Winning ballgames and performing towards "the win" depends upon pushing runners across base or keeping them off base. From what athletes do to how coaches coach - it all is focused upon the base paths.Keeping runners on or off base hinges upon the 4.3 sec run time. Fielders are trying to throw runners out. Pitchers are trying to keep runners off base. And hitters are trying to reach base. For coaches, their line ups, defensive sets, and pitching choices are all trying to keep base running statistical advantage in their team's favor.

And training is no different. From projecting to performance, it all hinges upon how to reach base or keep the competition off base.

This is the "why" behind tools, mechanics, and more. The 4.3sec run time to first should determine all you do on the field and in your training.


Although pitchers can have success with limited velocity, throwing harder does help considerably. Think of it this way:

1. If pitching relies upon missing barrel, your pitches must overmatch the hand speed that gets the barrel to the baseball.

2. If pitching hinges upon missing bats completely, the more speed differences you have between pitches, the more often you miss bats.

3. The higher you move up in game level, the faster it becomes. Therefore, hand speeds and swings become quicker. Likewise, you must have pitches that either match or OVERMATCH these offensive tools - or you will see diminishing success (based upon the previous level).

To put it into common sense terms, the hitters swing harder, have more power, and can wait longer on pitches. If your pitch velocity allows for this, you will see an increase in hits against you at the next level.


The idea is not to miss bats, but to miss barrel. Any good pitcher tells you that they are trying to throw 3 pitches or less to a hitter and are pitching to contact.

Command creates opportunity to miss barrel more often. And the slower the batted baseballs, the more opportunity you have to pitch with no one on.


Although statistics do not lie, they often mislead. Batting averages at the next level usually drop due to increased speed, range, and arm strength in the field.

For example, if a shortstop has more range (at the next level), the "see-eye grounders" you got at the previous level most likely would be outs now. If the weakly hit bloop singles at the lower levels are falling in for base hits, they most likely would be outs (at the next level) because of faster outfielders.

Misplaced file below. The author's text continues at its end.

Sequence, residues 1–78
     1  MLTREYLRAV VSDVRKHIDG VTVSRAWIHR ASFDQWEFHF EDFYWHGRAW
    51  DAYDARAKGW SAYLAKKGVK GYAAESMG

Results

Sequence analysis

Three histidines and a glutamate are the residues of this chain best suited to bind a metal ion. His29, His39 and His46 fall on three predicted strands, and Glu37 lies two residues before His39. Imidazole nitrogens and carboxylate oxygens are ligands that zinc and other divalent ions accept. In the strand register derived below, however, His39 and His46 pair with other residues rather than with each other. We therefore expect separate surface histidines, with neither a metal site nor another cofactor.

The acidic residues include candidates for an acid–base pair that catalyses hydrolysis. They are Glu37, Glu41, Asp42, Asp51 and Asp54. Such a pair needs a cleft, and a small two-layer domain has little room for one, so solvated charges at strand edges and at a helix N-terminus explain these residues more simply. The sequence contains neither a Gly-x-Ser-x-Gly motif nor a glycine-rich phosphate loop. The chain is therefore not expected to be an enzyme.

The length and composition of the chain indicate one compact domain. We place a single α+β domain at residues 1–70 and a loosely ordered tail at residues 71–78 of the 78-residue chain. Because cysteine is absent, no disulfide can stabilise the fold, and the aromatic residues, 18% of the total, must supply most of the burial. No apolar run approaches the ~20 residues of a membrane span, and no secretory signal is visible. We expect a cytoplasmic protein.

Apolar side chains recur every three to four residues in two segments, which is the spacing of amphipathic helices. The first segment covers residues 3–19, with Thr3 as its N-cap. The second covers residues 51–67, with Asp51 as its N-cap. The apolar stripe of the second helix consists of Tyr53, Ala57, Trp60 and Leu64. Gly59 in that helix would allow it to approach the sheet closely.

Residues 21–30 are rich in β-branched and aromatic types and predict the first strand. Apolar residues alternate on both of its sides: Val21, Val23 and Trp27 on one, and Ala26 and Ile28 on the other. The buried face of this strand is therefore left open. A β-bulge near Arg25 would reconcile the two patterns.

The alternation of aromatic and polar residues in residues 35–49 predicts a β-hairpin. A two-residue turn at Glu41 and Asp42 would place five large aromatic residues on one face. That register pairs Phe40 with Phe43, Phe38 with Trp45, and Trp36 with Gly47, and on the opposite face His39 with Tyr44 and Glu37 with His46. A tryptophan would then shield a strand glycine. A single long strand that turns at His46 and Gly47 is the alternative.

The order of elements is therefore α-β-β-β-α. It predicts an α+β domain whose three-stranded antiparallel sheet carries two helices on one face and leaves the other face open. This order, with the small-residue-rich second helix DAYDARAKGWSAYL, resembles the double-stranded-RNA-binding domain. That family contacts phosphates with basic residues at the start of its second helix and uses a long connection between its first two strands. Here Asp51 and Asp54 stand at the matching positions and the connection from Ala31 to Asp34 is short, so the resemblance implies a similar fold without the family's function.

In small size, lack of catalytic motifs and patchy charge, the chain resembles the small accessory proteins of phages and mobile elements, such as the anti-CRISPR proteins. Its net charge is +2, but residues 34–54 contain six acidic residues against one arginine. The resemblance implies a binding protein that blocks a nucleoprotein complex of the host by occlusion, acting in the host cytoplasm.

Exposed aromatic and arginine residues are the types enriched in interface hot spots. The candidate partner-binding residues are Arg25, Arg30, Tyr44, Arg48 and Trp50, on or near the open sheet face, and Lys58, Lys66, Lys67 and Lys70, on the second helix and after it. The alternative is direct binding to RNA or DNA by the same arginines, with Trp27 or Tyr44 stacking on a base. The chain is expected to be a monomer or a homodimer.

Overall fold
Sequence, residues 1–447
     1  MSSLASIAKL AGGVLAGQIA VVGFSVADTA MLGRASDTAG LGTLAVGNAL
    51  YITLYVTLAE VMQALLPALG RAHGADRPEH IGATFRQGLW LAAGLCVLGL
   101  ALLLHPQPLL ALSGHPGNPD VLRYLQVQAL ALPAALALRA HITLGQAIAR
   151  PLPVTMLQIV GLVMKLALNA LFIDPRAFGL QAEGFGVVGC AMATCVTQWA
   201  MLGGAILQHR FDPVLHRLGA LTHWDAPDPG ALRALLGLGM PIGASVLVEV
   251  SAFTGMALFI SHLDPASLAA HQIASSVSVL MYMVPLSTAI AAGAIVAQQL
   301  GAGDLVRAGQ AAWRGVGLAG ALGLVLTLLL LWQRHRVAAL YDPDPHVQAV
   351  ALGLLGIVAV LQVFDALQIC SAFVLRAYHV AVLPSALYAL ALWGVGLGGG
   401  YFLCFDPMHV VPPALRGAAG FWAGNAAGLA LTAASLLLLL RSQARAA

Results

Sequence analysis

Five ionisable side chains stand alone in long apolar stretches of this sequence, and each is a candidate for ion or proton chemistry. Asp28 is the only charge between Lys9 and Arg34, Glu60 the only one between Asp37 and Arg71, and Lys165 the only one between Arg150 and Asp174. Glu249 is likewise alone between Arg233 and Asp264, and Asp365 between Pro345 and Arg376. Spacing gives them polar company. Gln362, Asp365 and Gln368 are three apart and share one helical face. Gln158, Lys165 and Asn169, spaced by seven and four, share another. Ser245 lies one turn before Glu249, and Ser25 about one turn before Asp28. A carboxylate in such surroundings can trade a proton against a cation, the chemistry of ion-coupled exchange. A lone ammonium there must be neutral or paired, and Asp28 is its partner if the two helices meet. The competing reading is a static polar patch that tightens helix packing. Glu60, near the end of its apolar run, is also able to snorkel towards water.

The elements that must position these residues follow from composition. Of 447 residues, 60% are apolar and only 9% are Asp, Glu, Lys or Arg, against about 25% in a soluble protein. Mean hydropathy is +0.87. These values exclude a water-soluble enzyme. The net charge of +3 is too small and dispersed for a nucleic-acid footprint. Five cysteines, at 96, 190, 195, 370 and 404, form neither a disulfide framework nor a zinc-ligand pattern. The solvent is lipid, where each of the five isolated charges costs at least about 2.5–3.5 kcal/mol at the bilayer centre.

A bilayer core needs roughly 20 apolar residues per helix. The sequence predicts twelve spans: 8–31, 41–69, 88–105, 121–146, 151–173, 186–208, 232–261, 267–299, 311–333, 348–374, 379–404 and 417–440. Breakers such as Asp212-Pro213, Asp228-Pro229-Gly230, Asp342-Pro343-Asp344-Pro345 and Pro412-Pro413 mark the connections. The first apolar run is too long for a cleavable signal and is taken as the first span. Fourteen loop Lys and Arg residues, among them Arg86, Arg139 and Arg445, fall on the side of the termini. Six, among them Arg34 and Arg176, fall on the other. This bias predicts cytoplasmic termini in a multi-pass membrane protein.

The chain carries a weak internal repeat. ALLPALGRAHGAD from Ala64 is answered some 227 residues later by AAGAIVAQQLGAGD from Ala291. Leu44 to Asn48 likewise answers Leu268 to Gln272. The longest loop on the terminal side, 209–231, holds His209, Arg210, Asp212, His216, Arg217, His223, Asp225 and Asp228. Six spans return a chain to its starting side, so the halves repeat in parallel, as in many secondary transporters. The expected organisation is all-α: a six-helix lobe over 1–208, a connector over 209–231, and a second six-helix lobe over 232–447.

Basically, you must do something differently at the next level to combat the greater defenses - and it all hinges upon power and hand speed. If you hit the baseball harder and further, you move the baseball past the increased speed and range of the defense.


Common sense says that if you want to get on base, you run faster than the time it takes the defender to throw you out. Therefore, if defenders have increased their range, arm strength, and defensive speed - you need to either run faster or hit the baseball where they cannot get to it.

This is why you see home to first runtimes decrease as you move up in level. At the MLB level, averages are 4.3 seconds, with 4.1 seconds being in the line up at multiple spots.


In order to keep performance potential high, you must match the game speed of the level you are at or want to be at. For pitchers, it is all about missing barrel, and the harder you throw commanded pitches, the less runners you will have on.

For hitters, the more you can overmatch pitch velocity and gain plate coverage to combat command, the more you will see yourself on base. Additionally, if you run faster, you will beat throws out.

Train TO the game, not just the game.